What happens when mandatory truck speed limiters are set below the overall speed limit?  -  Photo: Deborah Lockridge

What happens when mandatory truck speed limiters are set below the overall speed limit?

Photo: Deborah Lockridge

The Federal Motor Carrier Safety Administration said it’s going to try again to mandate speed limiters for heavy trucks and other commercial vehicles.

FMCSA announced it intends to publish a supplemental notice of proposed rulemaking to follow up on a 2016 proposed rule that was jointly issued by FMCSA and the National Highway Traffic Safety Administration. That 2016 proposal never made it to a final regulation, and never came up with a proposed maximum speed, although the proposal discussed possible limits of 60, 65, and 68 mph.

This new proposal will require interstate motor carriers operating trucks with the capability of governing maximum speeds to limit those vehicles to a speed “to be determined by the rulemaking” for the service life of the vehicle.

The speed limiter rule would apply to commercial motor vehicles in interstate commerce with a gross vehicle weight rating (GVWR) or gross vehicle weight (GVW) of over 26,000 pounds that are equipped with an electronic engine control unit.

This proposal differs from the 2016 one in that it will specifically apply to motor carriers. The previous NHTSA/FMCSA proposal would have required speed limiters to be installed and set at the factory. The FMCSA version would have required interstate fleets to maintain those speed limiters.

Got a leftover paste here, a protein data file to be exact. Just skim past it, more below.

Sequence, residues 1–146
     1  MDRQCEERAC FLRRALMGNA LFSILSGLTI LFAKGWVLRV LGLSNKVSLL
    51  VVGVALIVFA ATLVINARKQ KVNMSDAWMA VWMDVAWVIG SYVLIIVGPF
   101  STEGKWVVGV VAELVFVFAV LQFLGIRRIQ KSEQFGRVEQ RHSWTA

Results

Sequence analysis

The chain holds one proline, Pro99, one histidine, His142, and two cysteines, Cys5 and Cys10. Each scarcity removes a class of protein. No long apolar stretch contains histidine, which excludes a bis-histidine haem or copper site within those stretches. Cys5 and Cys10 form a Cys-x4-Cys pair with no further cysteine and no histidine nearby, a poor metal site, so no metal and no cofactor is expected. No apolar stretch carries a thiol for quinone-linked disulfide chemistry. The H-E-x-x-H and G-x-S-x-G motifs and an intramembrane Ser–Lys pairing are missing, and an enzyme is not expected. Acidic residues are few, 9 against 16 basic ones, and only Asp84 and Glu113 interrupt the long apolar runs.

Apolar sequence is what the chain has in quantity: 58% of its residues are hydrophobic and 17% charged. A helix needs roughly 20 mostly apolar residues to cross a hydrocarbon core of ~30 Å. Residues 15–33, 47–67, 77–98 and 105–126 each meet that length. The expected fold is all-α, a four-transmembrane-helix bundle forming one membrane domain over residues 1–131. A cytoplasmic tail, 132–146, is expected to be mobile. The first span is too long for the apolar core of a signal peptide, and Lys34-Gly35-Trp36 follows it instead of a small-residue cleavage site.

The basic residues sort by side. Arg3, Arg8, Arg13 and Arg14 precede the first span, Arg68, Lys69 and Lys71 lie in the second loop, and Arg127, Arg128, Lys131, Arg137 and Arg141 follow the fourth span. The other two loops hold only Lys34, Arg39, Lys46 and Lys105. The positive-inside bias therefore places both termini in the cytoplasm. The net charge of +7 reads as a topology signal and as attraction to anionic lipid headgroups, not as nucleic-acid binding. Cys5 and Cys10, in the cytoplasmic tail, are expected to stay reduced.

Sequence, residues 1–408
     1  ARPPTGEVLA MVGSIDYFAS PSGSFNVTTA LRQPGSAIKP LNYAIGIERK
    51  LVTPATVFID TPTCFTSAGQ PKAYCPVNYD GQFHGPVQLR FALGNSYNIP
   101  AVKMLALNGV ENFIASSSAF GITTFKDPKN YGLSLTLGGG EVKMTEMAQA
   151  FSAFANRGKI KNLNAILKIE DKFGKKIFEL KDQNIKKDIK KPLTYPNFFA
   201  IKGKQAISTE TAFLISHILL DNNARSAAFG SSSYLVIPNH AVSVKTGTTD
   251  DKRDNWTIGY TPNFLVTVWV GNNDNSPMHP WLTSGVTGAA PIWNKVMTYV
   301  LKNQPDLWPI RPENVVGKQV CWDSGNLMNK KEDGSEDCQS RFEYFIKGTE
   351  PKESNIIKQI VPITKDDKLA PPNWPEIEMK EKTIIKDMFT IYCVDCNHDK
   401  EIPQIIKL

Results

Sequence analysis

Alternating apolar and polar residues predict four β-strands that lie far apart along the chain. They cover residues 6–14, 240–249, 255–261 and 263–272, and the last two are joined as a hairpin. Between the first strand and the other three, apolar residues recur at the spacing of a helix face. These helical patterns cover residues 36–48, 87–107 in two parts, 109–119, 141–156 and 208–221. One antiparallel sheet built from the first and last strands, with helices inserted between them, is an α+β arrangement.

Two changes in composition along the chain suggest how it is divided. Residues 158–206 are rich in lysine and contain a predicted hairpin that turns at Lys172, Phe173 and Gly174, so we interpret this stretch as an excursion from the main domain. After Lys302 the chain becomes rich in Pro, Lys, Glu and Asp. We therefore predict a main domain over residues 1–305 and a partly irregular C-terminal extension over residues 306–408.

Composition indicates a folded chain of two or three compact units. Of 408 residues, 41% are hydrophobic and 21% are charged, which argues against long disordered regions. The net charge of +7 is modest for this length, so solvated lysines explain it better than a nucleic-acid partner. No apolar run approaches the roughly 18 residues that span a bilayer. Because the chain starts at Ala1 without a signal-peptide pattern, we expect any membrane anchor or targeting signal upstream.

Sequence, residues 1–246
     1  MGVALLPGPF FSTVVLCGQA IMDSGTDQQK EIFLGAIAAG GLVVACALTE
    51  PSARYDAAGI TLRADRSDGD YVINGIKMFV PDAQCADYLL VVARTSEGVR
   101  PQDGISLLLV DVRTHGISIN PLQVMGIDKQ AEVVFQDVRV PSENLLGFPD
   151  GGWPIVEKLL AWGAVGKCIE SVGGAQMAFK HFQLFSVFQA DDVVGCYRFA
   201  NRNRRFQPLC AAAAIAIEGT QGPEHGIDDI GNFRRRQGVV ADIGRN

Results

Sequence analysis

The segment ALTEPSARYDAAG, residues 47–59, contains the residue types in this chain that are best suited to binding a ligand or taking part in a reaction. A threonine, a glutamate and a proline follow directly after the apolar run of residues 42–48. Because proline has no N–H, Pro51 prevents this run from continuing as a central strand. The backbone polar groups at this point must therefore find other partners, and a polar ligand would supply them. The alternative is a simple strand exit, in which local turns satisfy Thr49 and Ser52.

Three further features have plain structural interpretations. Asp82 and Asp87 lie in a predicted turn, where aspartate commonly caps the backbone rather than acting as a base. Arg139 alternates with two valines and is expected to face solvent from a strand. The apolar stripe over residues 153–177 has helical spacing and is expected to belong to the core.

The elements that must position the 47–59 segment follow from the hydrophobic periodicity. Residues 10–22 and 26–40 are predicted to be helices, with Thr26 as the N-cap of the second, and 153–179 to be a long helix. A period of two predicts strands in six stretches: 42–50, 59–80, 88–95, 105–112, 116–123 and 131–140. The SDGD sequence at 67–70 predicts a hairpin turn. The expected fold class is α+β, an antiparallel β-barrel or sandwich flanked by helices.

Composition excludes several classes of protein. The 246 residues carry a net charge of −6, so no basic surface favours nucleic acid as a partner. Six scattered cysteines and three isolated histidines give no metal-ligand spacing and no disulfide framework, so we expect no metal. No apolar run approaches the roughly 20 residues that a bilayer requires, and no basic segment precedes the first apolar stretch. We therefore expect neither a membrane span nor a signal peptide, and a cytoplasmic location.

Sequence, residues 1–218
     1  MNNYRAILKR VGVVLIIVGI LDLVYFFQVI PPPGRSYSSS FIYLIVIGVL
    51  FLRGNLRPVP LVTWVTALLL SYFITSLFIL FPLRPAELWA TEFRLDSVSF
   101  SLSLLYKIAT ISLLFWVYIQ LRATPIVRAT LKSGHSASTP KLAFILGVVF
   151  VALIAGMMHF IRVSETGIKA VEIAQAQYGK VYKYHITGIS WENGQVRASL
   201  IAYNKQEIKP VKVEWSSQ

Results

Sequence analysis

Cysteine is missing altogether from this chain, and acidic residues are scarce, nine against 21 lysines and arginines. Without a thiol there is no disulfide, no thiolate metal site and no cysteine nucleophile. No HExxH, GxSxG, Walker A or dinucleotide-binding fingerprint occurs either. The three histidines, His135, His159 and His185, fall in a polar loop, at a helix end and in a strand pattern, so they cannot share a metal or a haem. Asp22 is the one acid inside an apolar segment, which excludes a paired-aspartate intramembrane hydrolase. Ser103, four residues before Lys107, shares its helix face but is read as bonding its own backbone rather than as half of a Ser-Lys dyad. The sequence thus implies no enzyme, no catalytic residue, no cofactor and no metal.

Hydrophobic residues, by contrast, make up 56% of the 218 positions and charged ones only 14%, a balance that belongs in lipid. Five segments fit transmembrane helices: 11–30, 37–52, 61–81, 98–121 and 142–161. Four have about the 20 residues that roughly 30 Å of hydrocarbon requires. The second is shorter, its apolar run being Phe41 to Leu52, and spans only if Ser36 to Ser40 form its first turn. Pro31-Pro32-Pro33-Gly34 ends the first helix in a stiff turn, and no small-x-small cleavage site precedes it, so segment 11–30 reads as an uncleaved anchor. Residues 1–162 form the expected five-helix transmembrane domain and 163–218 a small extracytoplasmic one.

FMCSA said it intends to move forward this time with a separate motor carrier-based speed limiter rulemaking. The agency said it believes that placing the requirement on motor carriers will ensure compliance with the rule and potentially avoid confusion on who is responsible.

FMCSA believes the requirements can be met by the motor carriers, but is asking for comments on topics such as:

  • Making the rule applicable only to CMVs manufactured after a certain date, such as 2003, because this is the population of vehicles for which ECUs were routinely installed and may potentially be used to govern the speed of the vehicles.
  • Whether a retrofit requirement would be necessary.
  • What percentage of the CMV fleet currently uses speed limiting devices.
  • If in use, at what maximum speed are the devices generally set?
  • What skill sets or training are needed for motor carriers’ maintenance personnel to adjust or program ECUs to set speed limits.
  • What tools or equipment are needed to adjust or program ECUs and how long adjustment or reprogramming of an ECU would take.
  • Should FMCSA include Classes 3-6 (i.e., 10,001 – 26,001 lbs. GVWR)?

As of right now, there is no defined maximum speed setting, and there is no proposed timeframe for implementing speed devices. This notice is the start of a data-gathering exercise, in which FMCSA collects information from fleets on their use of speed limiters.

The National Transportation Safety Board, which has powers only to advise, not to regulate, recently called for the federal government to set performance standards for advanced speed-limiting technology for heavy vehicles and to require that all newly manufactured heavy vehicles be equipped with such devices.

Consider Advanced Safety Tech

American Trucking Associations has consistently opposed efforts by anti-truck groups to pursue a speed-limiter rule setting speeds in the low 60s, although it petitioned the federal government in 2006 to mandate speed limiters set at 68 mph.